This interview details Lgem, a company based in the Netherlands. The interview is with Sander Hazewinkel, CCO of Lgem.
The idea Lgem started in 2004 when there was a project (Biowaterstof Biohydrogen) in which my father (Obbo Hazewinkel) and Rene Wijffels participated in producing hydrogen with a phototrophic bacteria (Rhodobacter).
Halfway through the project, Rene and Obbo concluded that making hydrogen via a phototrophic bacteria was a bit farfetched. Still, the technologies involved could be groundbreaking for the production of algae. This idea sparked the start of the then-idea Lgem. At the formal start of the company in 2006, the team had grown to four people (Obbo Hazewinkel, Rene Wijffels, Eugene Roebroeck and Sander Hazewinkel).
We embarked on developing the “The Green Solar Collector” technology. Soon after the start of the company, we concluded that the development of the Green Solar Collector was too expensive and would take too much time to market. Another conclusion was that nobody was interested in buying algae PBR technology then. All the active pioneers had their inventions for growing algae, ranging from big tanks and ponds to small tubes, flat plates, spirals, helices, plastics, glass, open systems and closed systems. So we decided to cooperate with Technogrow, which had a somewhat functional system using PE-sleeves to make up a tubular pbr system. We also agreed that to move forward, we needed income. Since we now had working systems and nobody wanted to buy technology, we started to sell biomass to the USA under the name Marine Phytoplankton. The biomass sales were a successful move because they sustained the company and allowed us, as growers, to work on the effectiveness and reliability of the systems.
With many increments and trial and error! In 2009, GF-piping systems approached us, and we built our first tubular system. with rigid piping. The Lgem Gemtube MK1-750 system was our first commercial system, and the design and integrated process still form the basis for all our designs. This system is the Lgem Pilot-925, which, because we now solely use Schott glass, has a different volume and name. In 2020, Lgem and Synalgae merged, allowing for an upgrade and expansion of the portfolio, now ranging from 5 litres to 45.000 litres. We are now safe to say that we have recognized industrial-grade systems with a long and successful track record.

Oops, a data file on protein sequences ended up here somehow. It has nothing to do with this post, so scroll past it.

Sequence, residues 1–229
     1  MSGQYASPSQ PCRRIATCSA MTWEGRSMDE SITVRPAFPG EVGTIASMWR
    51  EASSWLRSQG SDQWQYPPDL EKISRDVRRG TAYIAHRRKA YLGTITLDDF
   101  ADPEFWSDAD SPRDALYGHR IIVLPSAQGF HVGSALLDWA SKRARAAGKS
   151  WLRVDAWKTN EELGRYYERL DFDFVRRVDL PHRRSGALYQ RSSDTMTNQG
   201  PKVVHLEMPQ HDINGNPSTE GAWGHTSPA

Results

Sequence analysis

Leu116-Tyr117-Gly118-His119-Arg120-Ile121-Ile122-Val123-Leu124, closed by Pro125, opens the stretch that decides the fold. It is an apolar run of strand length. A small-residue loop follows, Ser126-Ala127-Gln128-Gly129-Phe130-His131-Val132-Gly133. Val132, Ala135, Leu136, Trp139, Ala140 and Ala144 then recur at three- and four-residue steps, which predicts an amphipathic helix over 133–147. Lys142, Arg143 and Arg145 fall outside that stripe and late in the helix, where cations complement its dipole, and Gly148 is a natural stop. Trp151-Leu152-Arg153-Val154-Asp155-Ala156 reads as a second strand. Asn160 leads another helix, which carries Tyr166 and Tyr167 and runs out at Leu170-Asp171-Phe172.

There are several big challenges that Lgem will face in the future. Of course, the biggest of all is if the growth of the algae market will meet expectations. It is nice to have systems capable of delivering high-quality biomass at an Industrial scale, but there needs to be a market for the products these systems produce. Signs are very positive, but some threats lurk around the corner. The major threats are consumer acceptance of algae(derived) products, legal hurdles like novel food legislation, and the further development of new algae products to create a diverse applications market.
What is unique about Lgem is the stability and scalability of our systems and our patented two-phase process that allows our systems to be the reliable production platform for all microalgae, fragile and resilient alike. But the services that we offer are also unique. At our facility, we have the AlgaeHub, where we allow our customers to test their business plans and improve their processes at an industrial scale before investing in their production. This way, customers can effectively de-risk their investment in a try-before-you-buy situation. With our network and years of experience, we actively help customers build strong business collaborations for a successful future.
Since 2020, our team has expanded to 20 people with a more than triple turnover.
To use and develop our platform technology and become the standard for autotrophic and mixotrophic cultivation of microalgae to speed up the potential of microalgae. To achieve this We build vertical demand and supply columns centralized around autotrophic and mixtrophic algae cultivated in Lgem PBR systems, with Lgem optimized protocols and extra service.
These columns contribute to a fast implementation of algae for a sustainable and self-sufficient world with high-impact food, feed, pharma and biochemical algae-driven solutions.
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